Bidet Water Filters - Worth it?

Bidet Water Filters - Worth it?

We commonly see water filters applied when we intend to drink the water that passes through them, but why would you want the water running through your bidet seat to be filtered? 

Filtering the water supply for your bidet is similar to filtering the oil in an engine, it catches particles and other foreign substances that can end up getting stuck inside the components. Left unchecked, substances such as sand, sediment, rust, and minerals found in your tap water can build up inside your bidet and clog nozzles or damage seals. This is especially true for areas with hard water. 

What does hard water do to our homes? - New Water Innovations

Hard water inside pipes

Bidet seat manufacturers recommend water filtration used in conjunction with their bidet, however many consumers choose to leave them out. For users on a municipal water supply, a filter will not make much of a difference as the water is usually quality controlled. The best application for filters is homes with old pipes, well water, or water sources likely to contain large amounts of sediment. However, water filters can do more than remove calcium and rust. They can also sterilize water.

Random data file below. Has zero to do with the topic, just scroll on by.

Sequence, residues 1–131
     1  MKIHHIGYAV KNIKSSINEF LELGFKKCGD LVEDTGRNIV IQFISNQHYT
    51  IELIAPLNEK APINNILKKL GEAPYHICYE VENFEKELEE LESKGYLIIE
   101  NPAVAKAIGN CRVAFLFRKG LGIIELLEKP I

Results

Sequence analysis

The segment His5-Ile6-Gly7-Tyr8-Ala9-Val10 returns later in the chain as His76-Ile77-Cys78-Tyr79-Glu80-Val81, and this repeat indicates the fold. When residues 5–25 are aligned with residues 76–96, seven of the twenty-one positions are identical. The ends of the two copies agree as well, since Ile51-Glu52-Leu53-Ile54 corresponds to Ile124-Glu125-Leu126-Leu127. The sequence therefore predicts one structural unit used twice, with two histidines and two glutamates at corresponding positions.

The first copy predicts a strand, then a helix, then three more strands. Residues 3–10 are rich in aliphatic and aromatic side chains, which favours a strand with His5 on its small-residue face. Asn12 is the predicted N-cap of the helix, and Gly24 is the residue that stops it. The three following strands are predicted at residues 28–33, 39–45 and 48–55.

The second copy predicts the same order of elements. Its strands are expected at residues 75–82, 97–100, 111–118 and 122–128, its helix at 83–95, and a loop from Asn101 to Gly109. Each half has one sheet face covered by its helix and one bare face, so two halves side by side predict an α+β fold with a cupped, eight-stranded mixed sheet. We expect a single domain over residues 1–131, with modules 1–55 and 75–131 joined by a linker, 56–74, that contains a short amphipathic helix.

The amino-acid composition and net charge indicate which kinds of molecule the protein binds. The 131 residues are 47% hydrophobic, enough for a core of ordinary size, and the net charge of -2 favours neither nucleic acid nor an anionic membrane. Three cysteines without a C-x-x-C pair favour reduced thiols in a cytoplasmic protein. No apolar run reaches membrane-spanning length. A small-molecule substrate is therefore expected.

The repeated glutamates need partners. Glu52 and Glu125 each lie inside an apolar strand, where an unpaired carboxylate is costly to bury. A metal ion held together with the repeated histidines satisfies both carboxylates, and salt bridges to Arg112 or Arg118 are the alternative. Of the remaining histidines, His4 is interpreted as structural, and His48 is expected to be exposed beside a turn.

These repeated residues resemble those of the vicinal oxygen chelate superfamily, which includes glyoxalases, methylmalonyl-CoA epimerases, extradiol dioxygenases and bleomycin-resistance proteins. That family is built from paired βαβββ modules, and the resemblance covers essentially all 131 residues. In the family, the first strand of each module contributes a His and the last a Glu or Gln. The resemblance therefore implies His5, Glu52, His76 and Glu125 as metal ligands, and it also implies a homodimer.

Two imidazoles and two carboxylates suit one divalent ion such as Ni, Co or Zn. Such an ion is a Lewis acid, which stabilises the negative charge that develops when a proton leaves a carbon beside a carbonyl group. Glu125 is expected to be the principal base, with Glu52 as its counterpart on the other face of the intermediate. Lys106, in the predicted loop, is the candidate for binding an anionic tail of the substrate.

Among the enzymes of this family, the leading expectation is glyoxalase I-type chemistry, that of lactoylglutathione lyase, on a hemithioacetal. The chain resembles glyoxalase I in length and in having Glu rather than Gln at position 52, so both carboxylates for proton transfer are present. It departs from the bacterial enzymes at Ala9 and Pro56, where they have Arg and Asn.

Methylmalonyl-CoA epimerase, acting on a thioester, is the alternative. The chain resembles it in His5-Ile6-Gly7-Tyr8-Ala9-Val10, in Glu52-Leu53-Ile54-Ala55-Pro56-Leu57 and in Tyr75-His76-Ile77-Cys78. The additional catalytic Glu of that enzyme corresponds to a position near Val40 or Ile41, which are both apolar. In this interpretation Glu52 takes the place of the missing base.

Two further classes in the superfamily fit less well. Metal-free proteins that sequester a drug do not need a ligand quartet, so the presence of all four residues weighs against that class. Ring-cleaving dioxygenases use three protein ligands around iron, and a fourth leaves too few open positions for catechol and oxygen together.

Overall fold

The two types of bidet water filters are:

Carbon - these filters are also known as "sediment filters" that utilize the chemical properties of carbon to draw impurities out of your water supply and bond them to the carbon.

Iodine - these filter are also known as "ion filters" and utilize iodine as a common antiseptic used in medicine to kill bacteria and sterilize the water flowing into the bidet. 

Iodine filters typically cost more because they filter and sterilize water. We sell both carbon and iodine filter on House of Bidets, and you can find them in the Accessories and Attachments section. 

Installation of these filters is simple, most of them have one 1/2 inch male end and one 1/2 inch female end. You place the filter between the T-fitting off the water supply and the hose leading to your bidet seat. Note that half inch bidet filters will not fit with Toto or other Japanese bidet seats without adapters because they use a 7/8 inch fittings. 

It is recommended you replace your filter every six months to maintain its sediment removal and/or bacteria killing abilities.